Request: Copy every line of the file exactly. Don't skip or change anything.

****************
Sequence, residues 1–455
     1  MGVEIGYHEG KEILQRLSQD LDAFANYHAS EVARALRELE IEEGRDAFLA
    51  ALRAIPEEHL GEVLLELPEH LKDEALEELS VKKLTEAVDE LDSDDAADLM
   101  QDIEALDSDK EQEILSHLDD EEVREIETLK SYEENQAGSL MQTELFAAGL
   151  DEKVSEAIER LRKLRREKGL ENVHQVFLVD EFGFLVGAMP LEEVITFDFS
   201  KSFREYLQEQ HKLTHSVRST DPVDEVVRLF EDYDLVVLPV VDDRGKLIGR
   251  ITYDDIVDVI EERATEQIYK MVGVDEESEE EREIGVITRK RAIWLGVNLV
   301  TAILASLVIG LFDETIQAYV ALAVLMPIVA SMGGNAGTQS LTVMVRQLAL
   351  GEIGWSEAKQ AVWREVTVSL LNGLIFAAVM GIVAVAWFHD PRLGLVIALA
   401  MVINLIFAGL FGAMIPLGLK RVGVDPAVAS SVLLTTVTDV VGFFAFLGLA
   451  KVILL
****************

Sequence, residues 1–455
     1  MGVEIGYHEG KEILQRLSQD LDAFANYHAS EVARALRELE IEEGRDAFLA
    51  ALRAIPEEHL GEVLLELPEH LKDEALEELS VKKLTEAVDE LDSDDAADLM
   101  QDIEALDSDK EQEILSHLDD EEVREIETLK SYEENQAGSL MQTELFAAGL
   151  DEKVSEAIER LRKLRREKGL ENVHQVFLVD EFGFLVGAMP LEEVITFDFS
   201  KSFREYLQEQ HKLTHSVRST DPVDEVVRLF EDYDLVVLPV VDDRGKLIGR
   251  ITYDDIVDVI EERATEQIYK MVGVDEESEE EREIGVITRK RAIWLGVNLV
   301  TAILASLVIG LFDETIQAYV ALAVLMPIVA SMGGNAGTQS LTVMVRQLAL
   351  GEIGWSEAKQ AVWREVTVSL LNGLIFAAVM GIVAVAWFHD PRLGLVIALA
   401  MVINLIFAGL FGAMIPLGLK RVGVDPAVAS SVLLTTVTDV VGFFAFLGLA
   451  KVILL